Ultimately, we must be there for our family members and friends struggling with addiction in any capacity necessary so that they know they have a safe place to turn when seeking recovery from substance abuse.
Talk to the person about the importance of getting help for addiction and drug use
When speaking to someone struggling with substance abuse, it’s important to stress the importance of seeking help. Substance use can seriously impact an individual’s physical, mental, and social well-being.
Receiving the right kind of assistance is critical for weaning off addiction and maintaining recovery—whether professional care from a qualified doctor, therapy from a specialist in substance abuse treatment, or support from their family or peers.
Moral support is essential because addiction can be filled with stigma and shame. Reassuring the person that they are not alone and don’t have to go through this alone goes a long way.
For optimal outcomes and long-term sobriety, encourage them to seek all available options for treatment.
Reach Out to a Local Treatment Center for Help
If you or someone you care about has been abusing substances, reaching out to a local treatment center is one of the best first steps toward recovery.
It can seem overwhelming to take this step alone, but many resources can provide support and guidance throughout the process.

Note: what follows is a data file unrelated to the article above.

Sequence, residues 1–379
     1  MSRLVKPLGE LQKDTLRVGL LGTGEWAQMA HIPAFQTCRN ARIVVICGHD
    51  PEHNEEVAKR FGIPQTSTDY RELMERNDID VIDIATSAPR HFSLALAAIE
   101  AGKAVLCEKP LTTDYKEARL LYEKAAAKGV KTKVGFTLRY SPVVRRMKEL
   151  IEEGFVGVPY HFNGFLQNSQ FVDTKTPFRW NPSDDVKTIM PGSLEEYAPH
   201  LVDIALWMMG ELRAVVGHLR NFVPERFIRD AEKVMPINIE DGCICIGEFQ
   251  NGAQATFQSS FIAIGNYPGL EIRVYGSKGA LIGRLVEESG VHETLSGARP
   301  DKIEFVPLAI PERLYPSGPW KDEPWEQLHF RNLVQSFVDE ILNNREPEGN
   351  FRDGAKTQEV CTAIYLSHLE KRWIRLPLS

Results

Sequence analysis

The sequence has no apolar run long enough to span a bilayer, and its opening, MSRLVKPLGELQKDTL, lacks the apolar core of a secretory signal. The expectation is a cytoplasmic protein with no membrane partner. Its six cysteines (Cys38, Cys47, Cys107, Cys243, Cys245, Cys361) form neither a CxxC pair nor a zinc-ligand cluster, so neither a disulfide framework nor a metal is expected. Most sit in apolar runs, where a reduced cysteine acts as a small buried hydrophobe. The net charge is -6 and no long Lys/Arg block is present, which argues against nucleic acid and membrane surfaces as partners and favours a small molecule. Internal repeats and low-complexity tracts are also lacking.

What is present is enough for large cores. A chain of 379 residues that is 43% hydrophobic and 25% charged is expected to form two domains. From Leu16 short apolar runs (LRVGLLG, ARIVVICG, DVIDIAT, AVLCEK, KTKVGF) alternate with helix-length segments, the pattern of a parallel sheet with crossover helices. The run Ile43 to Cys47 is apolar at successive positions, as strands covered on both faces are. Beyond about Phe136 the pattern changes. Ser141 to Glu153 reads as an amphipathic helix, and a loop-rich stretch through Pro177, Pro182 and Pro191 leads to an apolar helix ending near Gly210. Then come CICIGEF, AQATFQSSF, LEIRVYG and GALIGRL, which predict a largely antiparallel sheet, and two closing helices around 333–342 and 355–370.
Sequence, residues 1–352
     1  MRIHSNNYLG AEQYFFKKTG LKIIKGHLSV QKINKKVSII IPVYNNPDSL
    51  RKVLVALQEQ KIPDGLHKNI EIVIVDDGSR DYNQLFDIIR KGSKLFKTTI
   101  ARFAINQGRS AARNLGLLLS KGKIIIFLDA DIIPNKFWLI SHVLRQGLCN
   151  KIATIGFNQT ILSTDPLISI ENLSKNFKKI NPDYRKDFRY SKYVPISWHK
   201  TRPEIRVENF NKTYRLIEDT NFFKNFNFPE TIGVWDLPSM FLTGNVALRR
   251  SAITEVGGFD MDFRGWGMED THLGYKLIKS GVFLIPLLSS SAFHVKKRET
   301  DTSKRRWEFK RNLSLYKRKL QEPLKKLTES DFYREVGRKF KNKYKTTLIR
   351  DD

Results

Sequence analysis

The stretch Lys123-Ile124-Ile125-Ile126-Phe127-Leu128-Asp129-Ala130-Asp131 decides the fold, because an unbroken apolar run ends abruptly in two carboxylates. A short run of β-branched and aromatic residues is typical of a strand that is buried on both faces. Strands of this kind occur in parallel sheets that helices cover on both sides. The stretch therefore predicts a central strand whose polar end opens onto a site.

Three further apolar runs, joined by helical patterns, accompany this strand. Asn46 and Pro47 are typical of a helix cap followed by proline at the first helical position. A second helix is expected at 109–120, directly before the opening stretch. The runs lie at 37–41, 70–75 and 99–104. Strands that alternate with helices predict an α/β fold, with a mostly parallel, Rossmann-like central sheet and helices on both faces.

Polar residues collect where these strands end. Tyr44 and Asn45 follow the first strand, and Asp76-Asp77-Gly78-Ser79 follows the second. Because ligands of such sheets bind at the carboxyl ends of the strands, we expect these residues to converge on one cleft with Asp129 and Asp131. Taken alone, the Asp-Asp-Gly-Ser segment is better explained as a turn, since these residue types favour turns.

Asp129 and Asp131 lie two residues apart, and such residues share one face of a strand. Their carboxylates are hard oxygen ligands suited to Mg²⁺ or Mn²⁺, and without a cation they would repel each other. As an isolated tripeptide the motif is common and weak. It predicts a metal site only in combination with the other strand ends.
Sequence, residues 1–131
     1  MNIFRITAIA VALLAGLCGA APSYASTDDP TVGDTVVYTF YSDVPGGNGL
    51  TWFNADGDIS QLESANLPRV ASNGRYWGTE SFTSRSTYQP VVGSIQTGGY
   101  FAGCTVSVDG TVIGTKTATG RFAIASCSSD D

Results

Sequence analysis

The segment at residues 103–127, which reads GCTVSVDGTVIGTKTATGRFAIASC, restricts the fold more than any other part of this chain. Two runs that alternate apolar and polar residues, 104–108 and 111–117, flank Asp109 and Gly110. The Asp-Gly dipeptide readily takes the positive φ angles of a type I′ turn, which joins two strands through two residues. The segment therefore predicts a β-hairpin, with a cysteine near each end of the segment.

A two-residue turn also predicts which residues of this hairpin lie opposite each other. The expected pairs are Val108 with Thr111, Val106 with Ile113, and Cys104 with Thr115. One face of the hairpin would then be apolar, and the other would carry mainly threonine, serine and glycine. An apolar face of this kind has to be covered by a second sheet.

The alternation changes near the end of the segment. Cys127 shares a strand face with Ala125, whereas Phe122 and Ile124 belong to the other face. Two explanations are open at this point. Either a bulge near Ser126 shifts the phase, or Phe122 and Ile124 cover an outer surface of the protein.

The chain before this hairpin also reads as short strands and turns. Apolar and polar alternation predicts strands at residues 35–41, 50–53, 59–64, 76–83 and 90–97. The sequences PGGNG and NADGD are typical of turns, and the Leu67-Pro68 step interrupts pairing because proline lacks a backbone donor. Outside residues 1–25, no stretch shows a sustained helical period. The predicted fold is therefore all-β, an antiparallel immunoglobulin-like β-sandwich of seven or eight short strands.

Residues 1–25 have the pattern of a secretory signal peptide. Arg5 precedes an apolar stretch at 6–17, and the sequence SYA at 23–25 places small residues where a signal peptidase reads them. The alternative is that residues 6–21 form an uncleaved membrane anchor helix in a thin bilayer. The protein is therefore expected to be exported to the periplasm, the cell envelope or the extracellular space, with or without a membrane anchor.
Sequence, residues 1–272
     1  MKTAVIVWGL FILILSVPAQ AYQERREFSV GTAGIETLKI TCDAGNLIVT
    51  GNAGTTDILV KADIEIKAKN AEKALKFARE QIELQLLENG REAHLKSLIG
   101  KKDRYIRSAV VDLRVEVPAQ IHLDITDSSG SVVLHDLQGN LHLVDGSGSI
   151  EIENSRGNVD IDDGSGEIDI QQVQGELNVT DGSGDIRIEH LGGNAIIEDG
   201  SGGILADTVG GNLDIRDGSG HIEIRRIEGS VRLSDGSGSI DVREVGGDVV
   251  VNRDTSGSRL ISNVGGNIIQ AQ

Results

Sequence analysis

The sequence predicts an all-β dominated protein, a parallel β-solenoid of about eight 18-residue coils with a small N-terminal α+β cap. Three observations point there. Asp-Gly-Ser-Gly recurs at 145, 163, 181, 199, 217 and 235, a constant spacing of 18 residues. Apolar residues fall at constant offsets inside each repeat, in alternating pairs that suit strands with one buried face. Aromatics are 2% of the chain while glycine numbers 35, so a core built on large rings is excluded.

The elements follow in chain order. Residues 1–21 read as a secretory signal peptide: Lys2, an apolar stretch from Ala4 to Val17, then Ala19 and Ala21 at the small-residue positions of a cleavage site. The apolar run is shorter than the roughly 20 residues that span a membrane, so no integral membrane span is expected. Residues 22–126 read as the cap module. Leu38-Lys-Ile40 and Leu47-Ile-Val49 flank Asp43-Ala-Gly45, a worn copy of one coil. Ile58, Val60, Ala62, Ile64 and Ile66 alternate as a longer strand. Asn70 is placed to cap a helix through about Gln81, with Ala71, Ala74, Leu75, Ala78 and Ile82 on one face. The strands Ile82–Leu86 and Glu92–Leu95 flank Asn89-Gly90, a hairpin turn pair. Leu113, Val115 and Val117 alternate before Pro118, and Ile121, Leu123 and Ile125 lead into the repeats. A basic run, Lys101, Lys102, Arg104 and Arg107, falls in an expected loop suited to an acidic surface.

The dedicated staff of a treatment center can help you identify what type of treatment is best suited for specific needs, whether it’s counseling sessions, rehabilitation programs, or other options.
You don’t have to feel helpless anymore – when you reach out for help, many doors open up that can get your life back on track.
Cornerstone Healing Center in Scottsdale, AZ Can Help You and your loved one
At Cornerstone Healing Center, we recognize that addiction is a complex and challenging issue. Our team of experienced professionals helps clients take the first steps on their journey to recovery.
Through comprehensive treatment plans tailored to meet the unique needs of each individual, we equip our clients with the resources needed for long-term success.
With evidence-based therapies, intensive trauma work, and an emphasis on healing for the whole person – mind, body, soul – we empower our clients with tools to cope with cravings and regain control of their lives from addiction.